Moviegoers applauding ALL ABOUT EVE at its New York premiere on Oct. 13, 1950, didn’t know its story of intrigue in the world of Broadway theatre was true.
The only onscreen credit for what later became EVE’s Oscar-winning screenplay was for Joseph Mankiewicz, who also won for directing. He went into the record books for winning twin Oscars back-to-back with his two from a year earlier for A LETTER TO THREE WIVES. Unlike EVE, WIVES credited two other source material writers.
Learning where and how EVE’s story originated is, perhaps, an even better story than the one Mankiewicz told so well. EVE began as a short story, but its behind-the-scenes story could and, in fact, did fill a book — Sam Staggs’ ALL ABOUT “ALL ABOUT EVE” in 2000. It all began with THE WISDOM OF EVE, a short story by Mary Orr that ran in Cosmopolitan in May 1946, but didn’t ignite any interest from Hollywood. Three years later, 20th Century-Fox’s story department suddenly sent it to the studio’s producers, including Mankiewicz. While there are many similarities to EVE, Orr’s WISDOM differs in that her ambitious ingénue Eve Harrington — Anne Baxter in the film — doesn’t suffer in the end for her many sins against aging stage star Margo Channing — the movie’s Bette Davis — who’s called Margola Cranston in Orr’s story.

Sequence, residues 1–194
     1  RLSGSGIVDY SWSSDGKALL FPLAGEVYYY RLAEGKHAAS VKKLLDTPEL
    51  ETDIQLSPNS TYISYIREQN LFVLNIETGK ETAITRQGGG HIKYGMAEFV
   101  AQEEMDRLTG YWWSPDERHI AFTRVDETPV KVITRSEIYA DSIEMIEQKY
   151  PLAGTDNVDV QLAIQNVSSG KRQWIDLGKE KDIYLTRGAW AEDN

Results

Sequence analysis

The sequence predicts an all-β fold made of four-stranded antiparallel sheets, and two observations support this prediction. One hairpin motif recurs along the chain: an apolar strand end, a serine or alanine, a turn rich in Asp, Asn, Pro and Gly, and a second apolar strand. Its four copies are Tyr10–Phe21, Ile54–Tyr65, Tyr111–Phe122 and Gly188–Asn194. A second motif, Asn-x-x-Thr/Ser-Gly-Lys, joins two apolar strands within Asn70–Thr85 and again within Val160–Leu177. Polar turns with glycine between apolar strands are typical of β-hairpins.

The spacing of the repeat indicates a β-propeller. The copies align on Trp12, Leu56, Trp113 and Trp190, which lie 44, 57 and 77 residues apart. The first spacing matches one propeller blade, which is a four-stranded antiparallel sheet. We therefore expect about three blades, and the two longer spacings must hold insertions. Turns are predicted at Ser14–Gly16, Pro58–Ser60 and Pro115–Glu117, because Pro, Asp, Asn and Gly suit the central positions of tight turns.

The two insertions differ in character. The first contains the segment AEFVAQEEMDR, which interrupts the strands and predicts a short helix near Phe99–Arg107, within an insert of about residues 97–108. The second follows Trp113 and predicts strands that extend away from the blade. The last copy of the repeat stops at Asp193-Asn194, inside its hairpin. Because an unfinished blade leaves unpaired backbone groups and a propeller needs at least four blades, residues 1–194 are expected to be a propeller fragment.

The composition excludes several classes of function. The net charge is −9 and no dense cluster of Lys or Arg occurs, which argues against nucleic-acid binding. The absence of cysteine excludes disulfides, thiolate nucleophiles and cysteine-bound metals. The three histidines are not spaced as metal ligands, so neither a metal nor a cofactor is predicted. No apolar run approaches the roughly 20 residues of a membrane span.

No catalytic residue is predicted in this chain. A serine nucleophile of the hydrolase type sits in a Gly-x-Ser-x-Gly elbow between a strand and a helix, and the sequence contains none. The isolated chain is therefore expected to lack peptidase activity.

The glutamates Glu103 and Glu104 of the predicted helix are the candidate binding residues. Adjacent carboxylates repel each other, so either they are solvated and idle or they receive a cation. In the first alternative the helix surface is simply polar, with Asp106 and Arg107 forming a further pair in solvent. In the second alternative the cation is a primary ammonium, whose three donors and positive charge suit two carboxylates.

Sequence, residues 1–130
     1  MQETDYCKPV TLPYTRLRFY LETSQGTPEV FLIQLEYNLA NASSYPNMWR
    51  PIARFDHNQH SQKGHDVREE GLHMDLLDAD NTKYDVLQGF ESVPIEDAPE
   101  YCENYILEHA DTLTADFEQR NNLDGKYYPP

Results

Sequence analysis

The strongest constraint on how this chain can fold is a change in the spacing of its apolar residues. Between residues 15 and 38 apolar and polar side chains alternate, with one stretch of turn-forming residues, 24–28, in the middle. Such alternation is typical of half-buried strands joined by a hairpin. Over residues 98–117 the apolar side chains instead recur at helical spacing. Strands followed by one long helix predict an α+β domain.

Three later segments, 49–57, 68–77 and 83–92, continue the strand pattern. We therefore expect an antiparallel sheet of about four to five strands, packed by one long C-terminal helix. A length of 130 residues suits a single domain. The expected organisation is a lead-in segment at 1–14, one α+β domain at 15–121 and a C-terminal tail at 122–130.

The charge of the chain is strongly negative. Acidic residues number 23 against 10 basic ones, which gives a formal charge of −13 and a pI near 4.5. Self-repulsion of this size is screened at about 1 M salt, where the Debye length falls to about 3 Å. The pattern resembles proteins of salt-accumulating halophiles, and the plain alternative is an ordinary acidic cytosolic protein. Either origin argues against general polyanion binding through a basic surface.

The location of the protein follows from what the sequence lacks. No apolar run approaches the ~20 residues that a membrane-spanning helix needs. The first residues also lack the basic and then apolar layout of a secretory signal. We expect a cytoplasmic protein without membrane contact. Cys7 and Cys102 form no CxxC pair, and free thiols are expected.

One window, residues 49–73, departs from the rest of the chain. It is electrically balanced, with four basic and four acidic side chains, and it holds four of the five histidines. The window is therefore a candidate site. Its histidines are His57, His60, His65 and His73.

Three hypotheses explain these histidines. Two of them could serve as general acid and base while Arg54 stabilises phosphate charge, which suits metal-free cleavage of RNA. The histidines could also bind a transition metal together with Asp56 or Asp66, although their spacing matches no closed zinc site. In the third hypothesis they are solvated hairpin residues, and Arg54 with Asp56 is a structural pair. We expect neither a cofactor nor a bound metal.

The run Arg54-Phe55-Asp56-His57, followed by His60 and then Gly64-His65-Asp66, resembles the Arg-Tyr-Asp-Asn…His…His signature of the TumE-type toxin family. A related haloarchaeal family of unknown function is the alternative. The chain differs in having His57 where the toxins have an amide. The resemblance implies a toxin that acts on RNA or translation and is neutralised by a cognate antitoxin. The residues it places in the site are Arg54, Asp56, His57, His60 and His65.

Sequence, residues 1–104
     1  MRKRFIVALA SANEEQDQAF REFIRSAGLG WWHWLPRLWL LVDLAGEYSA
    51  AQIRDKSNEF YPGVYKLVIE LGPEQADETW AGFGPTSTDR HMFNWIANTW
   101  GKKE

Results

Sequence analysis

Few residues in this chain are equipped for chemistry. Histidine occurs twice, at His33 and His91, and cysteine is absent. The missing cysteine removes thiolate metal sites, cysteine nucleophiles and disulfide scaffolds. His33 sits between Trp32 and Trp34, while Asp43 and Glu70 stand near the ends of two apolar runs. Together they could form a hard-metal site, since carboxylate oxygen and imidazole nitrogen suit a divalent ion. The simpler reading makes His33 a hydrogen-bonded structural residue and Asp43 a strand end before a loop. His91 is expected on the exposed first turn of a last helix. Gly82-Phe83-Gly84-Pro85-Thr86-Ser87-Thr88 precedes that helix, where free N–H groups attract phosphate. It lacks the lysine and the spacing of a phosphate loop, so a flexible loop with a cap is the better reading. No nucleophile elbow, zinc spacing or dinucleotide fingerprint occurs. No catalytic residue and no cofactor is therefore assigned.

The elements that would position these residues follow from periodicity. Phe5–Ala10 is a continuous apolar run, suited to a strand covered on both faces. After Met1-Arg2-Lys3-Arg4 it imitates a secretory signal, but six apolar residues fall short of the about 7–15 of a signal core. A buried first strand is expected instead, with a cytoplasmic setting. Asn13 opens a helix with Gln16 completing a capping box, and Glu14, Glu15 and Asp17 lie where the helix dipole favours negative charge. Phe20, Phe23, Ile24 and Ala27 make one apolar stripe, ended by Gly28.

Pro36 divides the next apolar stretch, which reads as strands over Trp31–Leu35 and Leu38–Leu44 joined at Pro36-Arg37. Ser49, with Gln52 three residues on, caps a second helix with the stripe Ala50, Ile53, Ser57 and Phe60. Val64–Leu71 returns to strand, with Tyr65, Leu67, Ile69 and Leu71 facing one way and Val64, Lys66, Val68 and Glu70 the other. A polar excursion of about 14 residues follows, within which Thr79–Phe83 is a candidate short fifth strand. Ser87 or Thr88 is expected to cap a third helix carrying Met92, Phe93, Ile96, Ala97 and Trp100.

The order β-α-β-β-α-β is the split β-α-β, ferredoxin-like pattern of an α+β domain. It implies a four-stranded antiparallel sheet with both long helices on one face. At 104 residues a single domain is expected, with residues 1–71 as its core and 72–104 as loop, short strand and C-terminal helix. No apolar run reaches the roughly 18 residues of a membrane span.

But that’s not nearly the whole story. Orr wrote what she’d been told in the summer of 1944 on a weekend visit with her then almost-husband, director Reggie Denham, at the New Hampshire country home of actress Elisabeth Bergner and her husband/manager Paul Czinner. Bergner was a big theatre star then, best known for THE TWO MRS. CARROLLS in 1943-44, which Denham directed. While preparing dinner, Bergner told Orr all about a “terrible girl” always wearing a red coat who stood outside the stage door nightly to catch a glimpse of Bergner. She later became Bergner’s understudy and then wound up doing — well, much of the bad stuff that Eve Harrington winds up doing.
Orr absorbed every word and later, at Denham’s suggestion, turned it into WISDOM. In January 1949, to earn money while Denham recovered from a serious accident, Orr adapted WISDOM for NBC’s Radio Guild Playhouse, which after being heard in NY was repeated live for L.A. Three days later, she got word Fox wanted to option WISDOM and was offering $5,000, big money then. But in putting the deal together, or so Fox later claimed, Orr’s agent didn’t request screen credit for her — so, therefore, none was given.